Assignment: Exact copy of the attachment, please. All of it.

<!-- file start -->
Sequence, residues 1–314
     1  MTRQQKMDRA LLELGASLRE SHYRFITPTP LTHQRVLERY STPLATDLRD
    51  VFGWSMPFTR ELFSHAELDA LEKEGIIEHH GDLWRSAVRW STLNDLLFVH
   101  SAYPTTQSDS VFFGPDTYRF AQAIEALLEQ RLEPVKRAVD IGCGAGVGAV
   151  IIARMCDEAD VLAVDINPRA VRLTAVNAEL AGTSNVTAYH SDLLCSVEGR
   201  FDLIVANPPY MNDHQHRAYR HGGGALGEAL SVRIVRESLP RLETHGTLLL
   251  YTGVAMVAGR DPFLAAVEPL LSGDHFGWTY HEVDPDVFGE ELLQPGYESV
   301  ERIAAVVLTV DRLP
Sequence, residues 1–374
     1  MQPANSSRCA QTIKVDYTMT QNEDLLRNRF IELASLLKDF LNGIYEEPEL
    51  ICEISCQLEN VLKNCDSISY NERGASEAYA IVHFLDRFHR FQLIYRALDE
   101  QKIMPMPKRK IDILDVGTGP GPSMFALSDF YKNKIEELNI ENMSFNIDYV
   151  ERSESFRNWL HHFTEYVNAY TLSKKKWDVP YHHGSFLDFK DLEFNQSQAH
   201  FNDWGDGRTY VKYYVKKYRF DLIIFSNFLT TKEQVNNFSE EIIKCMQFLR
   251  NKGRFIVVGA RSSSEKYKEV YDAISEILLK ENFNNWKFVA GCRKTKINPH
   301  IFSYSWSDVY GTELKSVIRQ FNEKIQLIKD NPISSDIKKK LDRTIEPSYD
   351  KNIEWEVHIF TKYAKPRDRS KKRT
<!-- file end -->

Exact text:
Sequence, residues 1–314
     1  MTRQQKMDRA LLELGASLRE SHYRFITPTP LTHQRVLERY STPLATDLRD
    51  VFGWSMPFTR ELFSHAELDA LEKEGIIEHH GDLWRSAVRW STLNDLLFVH
   101  SAYPTTQSDS VFFGPDTYRF AQAIEALLEQ RLEPVKRAVD IGCGAGVGAV
   151  IIARMCDEAD VLAVDINPRA VRLTAVNAEL AGTSNVTAYH SDLLCSVEGR
   201  FDLIVANPPY MNDHQHRAYR HGGGALGEAL SVRIVRESLP RLETHGTLLL
   251  YTGVAMVAGR DPFLAAVEPL LSGDHFGWTY HEVDPDVFGE ELLQPGYESV
   301  ERIAAVVLTV DRLP
Sequence, residues 1–374
     1  MQPANSSRCA QTIKVDYTMT QNEDLLRNRF IELASLLKDF LNGIYEEPEL
    51  ICEISCQLEN VLKNCDSISY NERGASEAYA IVHFLDRFHR FQLIYRALDE
   101  QKIMPMPKRK IDILDVGTGP GPSMFALSDF YKNKIEELNI ENMSFNIDYV
   151  ERSESFRNWL HHFTEYVNAY TLSKKKWDVP YHHGSFLDFK DLEFNQSQAH
   201  FNDWGDGRTY VKYYVKKYRF DLIIFSNFLT TKEQVNNFSE EIIKCMQFLR
   251  NKGRFIVVGA RSSSEKYKEV YDAISEILLK ENFNNWKFVA GCRKTKINPH
   301  IFSYSWSDVY GTELKSVIRQ FNEKIQLIKD NPISSDIKKK LDRTIEPSYD
   351  KNIEWEVHIF TKYAKPRDRS KKRT